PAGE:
Interaction of the intracellular signals induced by glutamate and dopamine inputs seems to underlie a number of plastic changes in the CNS; however, it is a major challenge to demonstrate definitively the causal relationship between cellular biochemistry and behavioral physiology in a single neuron. Medium spiny neurons (MSNs) in the dorsal striatum and the ventral striatum (the nucleus accumbens) are characterized by dense corticostriatal/thalamostriatal glutamatergic and mesostriatal dopaminergic inputs (for review, see David et al. 2005), and have served as a model system for investigation of the consequences of these in-phase inputs. One group of MSNs predominantly expresses D1-type dopamine receptors (D1Rs), while the other group expresses D2Rs. Murine D1R and D2R MSNs in the dorsal striatum (Bateup et al. 2010; Hikida et al. 2010; Kravitz et al. 2010), as well as in the nucleus accumbens (Beutler et al. 2011; Pascoli et al. 2012), play distinctive roles in physiological and addictive behaviors. In striatal D1R and D2R MSNs, dopaminergic inputs are required for the induction of NMDAR-dependent LTP and mGluR5-dependent LTD, respectively (Shen et al. 2008). In the CA1 region of the hippocampus, the NMDAR-dependent LTP can be separated into a protein synthesis-independent transient early LTP and a protein synthesis-dependent prolonged late LTP; the latter requires dopaminergic inputs on D1/D5Rs (Navakkode et al. 2007; for review, see Lisman et al. 2011). It remains to be determined whether Scg2 activation by glutamate and dopamine is involved in these plasticities.
Intracellular glutamatergic and dopaminergic signals can converge at multiple steps in their signaling pathways. First, D1R directly interacts with the NMDAR subunits NR1 and NR2A (Lee et al. 2002; Fiorentini et al. 2003), and D2R interacts with the NMDAR subunit NR2B (Liu et al. 2006). Second, the activation of ERK, a MAPK critical for long-term synaptic changes, requires the simultaneous stimulation of D1R and NMDAR in the striatum (Valjent et al. 2005). D1R stimulation leads to cAMP/PKA pathway activation followed by inactivation of the phosphatase cascade of protein phosphatase-1 and striatal-enriched tyrosine phosphatase, allowing effective phosphorylation of ERK by MEK in response to elevation of intracellular levels of Ca2+ channeled via NMDAR. Third, in the regulation of genes that are activated during plastic changes, such as bdnf and c-fos (Flavell and Greenberg 2008; Day and Sweatt 2011), multiple transcriptional and epigenetic regulators can be targets of both glutamatergic and dopaminergic inputs. In this study, the activation of the Scg2 gene by either glutamate or dopamine was inhibited by the Ca2+ chelator BAPTA-AM or the MEK inhibitor PD98059. These results suggest that at least one converging point of glutamatergic and dopaminergic signals is located within the functional realm of the second messenger Ca2+ and its downstream Ras/Raf/MEK/ERK pathway.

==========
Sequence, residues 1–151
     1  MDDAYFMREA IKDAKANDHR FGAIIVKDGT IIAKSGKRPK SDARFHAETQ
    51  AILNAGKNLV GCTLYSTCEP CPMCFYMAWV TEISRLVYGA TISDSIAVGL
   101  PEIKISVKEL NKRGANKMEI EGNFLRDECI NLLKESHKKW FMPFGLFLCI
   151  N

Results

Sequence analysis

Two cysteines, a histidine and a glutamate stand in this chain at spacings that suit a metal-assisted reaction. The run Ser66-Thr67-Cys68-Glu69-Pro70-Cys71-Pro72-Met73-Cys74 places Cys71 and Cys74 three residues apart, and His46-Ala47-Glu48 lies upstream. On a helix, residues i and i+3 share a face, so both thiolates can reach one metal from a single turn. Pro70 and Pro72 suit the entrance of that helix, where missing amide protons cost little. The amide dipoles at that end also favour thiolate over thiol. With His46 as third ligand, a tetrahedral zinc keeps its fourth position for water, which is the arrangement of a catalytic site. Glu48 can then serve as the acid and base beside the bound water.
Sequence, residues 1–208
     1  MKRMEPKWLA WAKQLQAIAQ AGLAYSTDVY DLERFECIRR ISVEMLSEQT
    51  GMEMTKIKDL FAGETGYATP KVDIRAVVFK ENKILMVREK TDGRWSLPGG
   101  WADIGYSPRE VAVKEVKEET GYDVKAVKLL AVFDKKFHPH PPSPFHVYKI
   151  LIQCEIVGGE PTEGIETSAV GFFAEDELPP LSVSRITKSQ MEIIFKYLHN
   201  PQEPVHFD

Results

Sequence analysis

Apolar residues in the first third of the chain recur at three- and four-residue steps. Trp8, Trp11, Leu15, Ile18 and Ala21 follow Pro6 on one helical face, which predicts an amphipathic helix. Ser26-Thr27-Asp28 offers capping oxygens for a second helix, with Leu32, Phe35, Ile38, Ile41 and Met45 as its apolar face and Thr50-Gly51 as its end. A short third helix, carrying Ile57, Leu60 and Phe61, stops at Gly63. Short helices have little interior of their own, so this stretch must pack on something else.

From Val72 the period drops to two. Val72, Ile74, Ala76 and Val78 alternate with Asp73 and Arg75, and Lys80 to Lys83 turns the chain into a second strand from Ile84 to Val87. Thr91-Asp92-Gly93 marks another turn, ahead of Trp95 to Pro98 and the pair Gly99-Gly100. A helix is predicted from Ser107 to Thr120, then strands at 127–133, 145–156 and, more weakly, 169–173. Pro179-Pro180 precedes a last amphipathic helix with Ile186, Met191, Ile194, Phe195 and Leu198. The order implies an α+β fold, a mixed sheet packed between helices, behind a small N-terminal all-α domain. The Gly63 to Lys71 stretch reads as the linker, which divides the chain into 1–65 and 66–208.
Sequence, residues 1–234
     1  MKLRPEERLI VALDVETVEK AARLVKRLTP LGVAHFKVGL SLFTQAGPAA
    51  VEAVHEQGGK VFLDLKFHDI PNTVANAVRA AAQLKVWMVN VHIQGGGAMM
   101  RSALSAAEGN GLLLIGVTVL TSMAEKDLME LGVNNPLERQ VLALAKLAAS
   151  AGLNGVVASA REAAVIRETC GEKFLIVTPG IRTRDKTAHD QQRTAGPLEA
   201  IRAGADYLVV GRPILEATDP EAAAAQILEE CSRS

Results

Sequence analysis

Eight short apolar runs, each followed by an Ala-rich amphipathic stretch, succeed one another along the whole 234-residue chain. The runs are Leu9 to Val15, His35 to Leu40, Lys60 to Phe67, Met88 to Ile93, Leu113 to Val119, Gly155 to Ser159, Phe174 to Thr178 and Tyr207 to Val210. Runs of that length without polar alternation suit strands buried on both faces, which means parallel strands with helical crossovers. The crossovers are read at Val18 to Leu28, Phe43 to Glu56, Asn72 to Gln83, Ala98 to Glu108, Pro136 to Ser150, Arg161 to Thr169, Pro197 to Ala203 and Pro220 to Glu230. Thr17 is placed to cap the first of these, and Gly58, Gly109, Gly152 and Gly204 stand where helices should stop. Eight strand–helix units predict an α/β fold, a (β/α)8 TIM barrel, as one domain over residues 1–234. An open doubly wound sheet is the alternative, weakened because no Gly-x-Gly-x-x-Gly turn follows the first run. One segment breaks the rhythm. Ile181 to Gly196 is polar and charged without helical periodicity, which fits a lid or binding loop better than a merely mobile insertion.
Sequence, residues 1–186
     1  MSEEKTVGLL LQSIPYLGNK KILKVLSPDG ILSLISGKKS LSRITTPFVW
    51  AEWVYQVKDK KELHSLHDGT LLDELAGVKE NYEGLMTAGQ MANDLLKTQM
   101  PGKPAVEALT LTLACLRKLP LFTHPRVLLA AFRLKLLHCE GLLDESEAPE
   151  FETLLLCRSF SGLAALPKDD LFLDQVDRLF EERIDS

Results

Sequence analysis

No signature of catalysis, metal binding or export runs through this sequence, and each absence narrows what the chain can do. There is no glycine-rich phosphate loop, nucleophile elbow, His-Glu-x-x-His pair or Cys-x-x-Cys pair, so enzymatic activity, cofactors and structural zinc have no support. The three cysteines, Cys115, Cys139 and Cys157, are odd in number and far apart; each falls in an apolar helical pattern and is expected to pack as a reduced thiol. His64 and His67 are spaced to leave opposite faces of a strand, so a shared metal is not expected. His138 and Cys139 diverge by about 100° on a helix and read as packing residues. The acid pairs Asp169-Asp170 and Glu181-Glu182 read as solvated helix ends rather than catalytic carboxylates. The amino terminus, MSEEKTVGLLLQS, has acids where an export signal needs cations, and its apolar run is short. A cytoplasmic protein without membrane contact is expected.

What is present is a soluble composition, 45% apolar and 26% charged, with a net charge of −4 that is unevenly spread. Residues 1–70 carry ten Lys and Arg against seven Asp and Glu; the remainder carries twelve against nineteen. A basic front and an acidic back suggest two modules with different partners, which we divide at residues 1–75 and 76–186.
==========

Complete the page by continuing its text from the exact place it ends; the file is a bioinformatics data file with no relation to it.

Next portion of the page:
Ca2+ mobilization can exhibit differential effects on gene expression, depending on the mobilization route (Greer and Greenberg 2008). Binding of glutamate to NMDAR and α-amino-3-hydroxy-5-methyl-4-isoxazolepropionic acid receptor (AMPAR) causes respectively direct and indirect Ca2+ influx via depolarization-triggered opening of L-type VGCC, while GluR2-lacking AMPAR can also conduct direct Ca2+ influx (Jonas et al. 1994). The present study suggests that NMDAR is involved in Scg2 activation (Fig. 5b), although the roles of other glutamate receptors remain to be examined. With respect to dopamine, in addition to the aforementioned direct interaction of D1R or D2R with NMDAR Ca2+ channels, D1R physically interacts with N-type VGCC (Kisilevsky et al. 2008). Stimulation of D1R-D2R and D2R-D5R heteromers causes activation of the phospholipase C/inositol triphosphate (IP3) pathway, leading to activation of the IP3 receptor (IP3R) followed by intracellular store-derived Ca2+ mobilization (Hasbi et al. 2009). In the case of D2R-D5R stimulation, this results in the influx of extracellular Ca2+ (So et al. 2009). In primary cultured striatal MSNs, D1R agonists activate both the phospholipase C/IP3 and cAMP/PKA pathways, which converge on IP3R and cooperatively induce Ca2+ oscillation (Tang and Bezprozvaany 2004). In primary cultured hippocampal neurons, the stimulation of D1R promotes mGluR-induced Ca2+ oscillation in a PKA-dependent manner (Dai et al. 2008), postulating a candidate mechanism underlying the signal integration of glutamatergic and dopaminergic inputs. Further investigations are required to clarify how dopamine mobilizes Ca2+ in our experimental system.